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Arkansas was drawn into the Civil War in May, 1861, by its decision to secede from the Union. Troops were mustered and civilians devoted their energy and resources to providing food, clothing, weapons, and horses for the soldiers.
Two major battles, Pea Ridge and Prairie Grove, were fought in Arkansas. In 1863, the Confederate government moved to Washington in the southwestern corner of our state; and, in 1864, the Union government was established in Little Rock.
After the Civil War ended in 1865, the era called Reconstruction began, during which dramatic changes were made in the South. The Democrats returned to power in 1874, the same year our present constitution was adopted.





The scrappy border town of Fort Smith grew up slowly around the walls of a small fort established in late 1817 on a high bluff overlooking the junction of the Arkansas and Poteau rivers.
The site was familiar to hunters and trappers because it was the location for annual trade rendezvous' between frontiersmen and Native Americans. Named for General Thomas Smith at the federal garrison in St. Louis, the tiny outpost was originally built to promote peace between the warring Osage and Cherokee Indian tribes.
Because of its unique geographical position - straddling the border between what became the state of Arkansas and what was known then as "Indian Territory" in present-day Oklahoma - Fort Smith by the mid-19th century was feared as "Hell on the Border," the gateway between "civilization" and the untamed West.
Through this gate passed trappers canoeing upriver; Cherokee Indians on their fateful "Trail of Tears" journey; Forty-Niners seeking gold in California; the Butterfield stagecoaches linking St. Louis to Santa Fe; Confederate and Union troops skirmishing in the Civil War; outlaws seeking freedom across the border; and even cowboys and ranchers headed for Texas.

Today's Fort Smith still hustles and bustles in a different way. Over 80,000 folks call Fort Smith Home.



Downtown Fort Smith

Stretching from the shadow of the Oklahoma (U.S. 64) bridge east to 13th Street, both sides of broad Garrison Avenue are now home to several curio, antique, and arts and crafts shops. Some of them, in earlier days, housed taverns and other "businesses" catering to travelers crossing the bridge to or from Oklahoma.
Today, shoppers can find bargains and treasures ranging from 19th-century Fort Smith artifacts to more contemporary collectibles.




Miss Lauras

Any trip into Fort Smith's colorful past should begin at our historic Miss Laura's Visitor Center. Built just before the turn of the century as the city's unique Riverfront Hotel, the ornate building soon became widely-known as "Miss Laura's," the premier bawdyhouse in the rough-and-tumble part of Fort Smith along the Arkansas River.
After legalized prostitution ended in 1924, the building was bought and sold several times and fell into disrepair following the death of the last madam in 1949. A local benefactor, Donald W. Reynolds, purchased the building in 1963 to save it from the wrecking ball. During the mid-1980's, the structure was thoroughly remodeled as an elegant restaurant. In 1992 it became the city's Visitor Center.



Judge Isaac C. Parker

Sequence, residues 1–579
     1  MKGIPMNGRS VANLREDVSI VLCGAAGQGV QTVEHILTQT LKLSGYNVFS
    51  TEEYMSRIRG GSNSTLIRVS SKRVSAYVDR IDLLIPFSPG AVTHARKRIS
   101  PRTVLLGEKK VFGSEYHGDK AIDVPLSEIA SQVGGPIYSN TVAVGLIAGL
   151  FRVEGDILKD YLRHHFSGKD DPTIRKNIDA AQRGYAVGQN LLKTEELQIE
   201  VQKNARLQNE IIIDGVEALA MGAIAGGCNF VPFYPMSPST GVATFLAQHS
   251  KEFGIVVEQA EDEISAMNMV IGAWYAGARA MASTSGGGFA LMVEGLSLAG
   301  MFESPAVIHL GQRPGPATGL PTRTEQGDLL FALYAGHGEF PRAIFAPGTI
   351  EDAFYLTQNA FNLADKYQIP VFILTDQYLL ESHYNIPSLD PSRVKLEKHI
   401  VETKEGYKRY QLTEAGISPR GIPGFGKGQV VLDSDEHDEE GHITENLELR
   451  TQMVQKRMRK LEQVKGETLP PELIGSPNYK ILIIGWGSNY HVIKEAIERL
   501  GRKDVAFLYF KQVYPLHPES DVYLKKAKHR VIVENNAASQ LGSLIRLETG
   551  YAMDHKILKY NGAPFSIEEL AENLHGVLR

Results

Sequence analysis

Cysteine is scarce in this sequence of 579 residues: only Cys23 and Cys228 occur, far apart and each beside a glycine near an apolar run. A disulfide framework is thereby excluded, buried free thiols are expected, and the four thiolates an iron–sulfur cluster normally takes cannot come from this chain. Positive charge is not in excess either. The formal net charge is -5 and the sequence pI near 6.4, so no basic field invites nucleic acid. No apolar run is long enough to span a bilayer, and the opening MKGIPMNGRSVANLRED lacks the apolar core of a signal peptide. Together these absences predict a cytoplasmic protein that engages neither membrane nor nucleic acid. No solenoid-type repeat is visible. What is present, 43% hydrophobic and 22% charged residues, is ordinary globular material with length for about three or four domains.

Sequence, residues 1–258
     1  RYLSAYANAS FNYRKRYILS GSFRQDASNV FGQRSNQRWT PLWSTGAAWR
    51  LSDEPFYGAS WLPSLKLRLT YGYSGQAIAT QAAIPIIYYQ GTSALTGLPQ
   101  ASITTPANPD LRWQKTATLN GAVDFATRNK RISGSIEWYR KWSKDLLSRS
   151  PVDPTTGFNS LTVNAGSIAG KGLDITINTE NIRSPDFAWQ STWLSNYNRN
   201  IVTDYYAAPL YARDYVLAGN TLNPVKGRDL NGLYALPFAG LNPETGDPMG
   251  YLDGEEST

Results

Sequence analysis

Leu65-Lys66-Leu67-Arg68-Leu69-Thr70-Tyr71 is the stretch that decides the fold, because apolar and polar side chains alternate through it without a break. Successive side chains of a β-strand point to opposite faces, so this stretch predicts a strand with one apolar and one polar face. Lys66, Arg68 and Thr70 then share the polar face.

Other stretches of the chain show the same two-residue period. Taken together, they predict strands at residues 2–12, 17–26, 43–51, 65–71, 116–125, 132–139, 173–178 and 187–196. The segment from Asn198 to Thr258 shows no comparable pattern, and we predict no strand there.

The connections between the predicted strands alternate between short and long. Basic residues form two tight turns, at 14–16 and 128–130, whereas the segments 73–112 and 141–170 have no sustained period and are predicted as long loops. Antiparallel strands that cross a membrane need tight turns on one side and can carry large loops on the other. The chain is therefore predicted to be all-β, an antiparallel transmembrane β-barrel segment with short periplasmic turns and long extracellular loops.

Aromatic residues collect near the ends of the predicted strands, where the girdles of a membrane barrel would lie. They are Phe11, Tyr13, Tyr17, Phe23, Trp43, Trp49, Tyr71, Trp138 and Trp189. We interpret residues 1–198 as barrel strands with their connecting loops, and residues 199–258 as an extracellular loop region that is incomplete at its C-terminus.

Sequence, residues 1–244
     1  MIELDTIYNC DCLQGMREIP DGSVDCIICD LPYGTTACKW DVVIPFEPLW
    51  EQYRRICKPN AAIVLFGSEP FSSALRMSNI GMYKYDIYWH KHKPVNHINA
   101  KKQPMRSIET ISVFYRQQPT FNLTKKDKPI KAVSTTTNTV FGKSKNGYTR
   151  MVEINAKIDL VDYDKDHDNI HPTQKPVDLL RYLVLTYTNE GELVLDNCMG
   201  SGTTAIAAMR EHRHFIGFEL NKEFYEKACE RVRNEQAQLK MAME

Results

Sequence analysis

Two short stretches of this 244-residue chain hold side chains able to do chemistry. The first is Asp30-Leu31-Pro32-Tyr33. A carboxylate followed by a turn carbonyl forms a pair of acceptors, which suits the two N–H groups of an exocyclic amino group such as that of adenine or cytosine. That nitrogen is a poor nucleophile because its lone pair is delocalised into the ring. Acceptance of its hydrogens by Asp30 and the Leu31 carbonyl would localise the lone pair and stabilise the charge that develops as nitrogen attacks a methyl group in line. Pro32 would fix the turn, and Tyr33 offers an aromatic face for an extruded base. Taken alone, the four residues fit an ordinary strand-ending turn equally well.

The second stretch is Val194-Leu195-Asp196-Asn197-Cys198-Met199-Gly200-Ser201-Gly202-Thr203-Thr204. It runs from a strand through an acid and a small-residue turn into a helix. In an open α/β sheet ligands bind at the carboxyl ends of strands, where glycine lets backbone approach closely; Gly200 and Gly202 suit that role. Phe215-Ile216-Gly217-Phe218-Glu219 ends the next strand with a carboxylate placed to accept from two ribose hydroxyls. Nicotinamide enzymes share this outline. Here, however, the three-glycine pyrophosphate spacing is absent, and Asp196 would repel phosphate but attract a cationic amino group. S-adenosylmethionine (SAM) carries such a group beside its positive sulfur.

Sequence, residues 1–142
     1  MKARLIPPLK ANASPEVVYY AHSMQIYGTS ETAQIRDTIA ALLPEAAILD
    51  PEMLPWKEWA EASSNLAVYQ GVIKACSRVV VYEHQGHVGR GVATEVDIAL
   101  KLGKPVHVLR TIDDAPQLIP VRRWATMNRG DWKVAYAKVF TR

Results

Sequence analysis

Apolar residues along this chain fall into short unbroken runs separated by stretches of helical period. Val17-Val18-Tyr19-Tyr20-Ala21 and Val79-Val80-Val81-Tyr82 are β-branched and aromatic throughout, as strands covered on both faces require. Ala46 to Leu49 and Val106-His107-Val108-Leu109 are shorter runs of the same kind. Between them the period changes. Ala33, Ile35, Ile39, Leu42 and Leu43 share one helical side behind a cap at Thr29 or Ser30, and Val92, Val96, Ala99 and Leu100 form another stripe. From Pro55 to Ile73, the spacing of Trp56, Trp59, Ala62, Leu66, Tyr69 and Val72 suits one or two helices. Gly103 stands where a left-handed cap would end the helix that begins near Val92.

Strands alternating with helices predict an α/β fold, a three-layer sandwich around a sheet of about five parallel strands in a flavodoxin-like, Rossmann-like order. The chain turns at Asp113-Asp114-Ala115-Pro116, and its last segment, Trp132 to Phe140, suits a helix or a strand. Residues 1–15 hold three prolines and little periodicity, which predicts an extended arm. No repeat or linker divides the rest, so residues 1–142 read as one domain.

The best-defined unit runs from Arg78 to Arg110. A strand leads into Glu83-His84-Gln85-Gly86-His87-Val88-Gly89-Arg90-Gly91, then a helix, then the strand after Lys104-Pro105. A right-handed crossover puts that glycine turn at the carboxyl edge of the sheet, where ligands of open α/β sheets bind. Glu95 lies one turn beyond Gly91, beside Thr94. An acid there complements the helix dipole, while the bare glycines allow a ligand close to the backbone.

Judge Parker, who for 21 years presided over the Western District of Arkansas and all of Indian Territory, stood for the law west of Fort Smith. Parker's court was largely responsible for bringing civilization to one of the last and wildest frontiers remaining in the American West. But the price of civilization was very costly. In Parker's jurisdiction alone, over 100 deputy United States marshals were killed in the line of duty.
Parker's court was known as one in which there was a certainty of arrest and a surety of punishment. Seventy-nine men discovered this when they were hung from the gallows on the courthouse grounds. Of course Parker faced great criticism from those sympathetic to the criminal and who thought him a cruel man. The debate over capital punishment has changed little in 100 years.



The Gallows

Although the original gallows are now gone the re-constucted ones are standing as a reminder to the lawlessness that prevailed during the time. The six nooses are displayed only on special occassions.

Let's cross over the Arkansas river to see some of Van Buren.







Van Buren was named after President Martin Van Buren. Over 14,000 people live there.
It is a beautiful town that is rich in history. I spent the first 4 years of my life in Van Buren and I still consider it home.

The Main Street Historic District offers visitors a chance to step back in time. A stroll down Van Buren's beautifully restored Victorian Main Street is a walk through a more gracious and elegant era. The exceptional collection of fascinating shops that line this quaint and picturesque street contain shopping treasures of almost every description.



Bob Burns

Bob Burns became famous during the 1930's and '40's as the strapping, ruddy-faced comedian who had radio audiences from coast-to-coast bellylaughing at fanciful yarns about his kinfolk and old pals back in Arkansas.
But Burns is probably best remembered for the unique, homemade musical instrument he invented and dubbed the "Bazooka." In fact, because the strange horn was so well known, WWII combat soldiers nicknamed the Army's new shoulder-held rocket launcher the "bazooka," because of its blunderbuss appearance -- just like Burns' popular horn.

Bob plays the "Bazooka"
with Tommy Dorsey~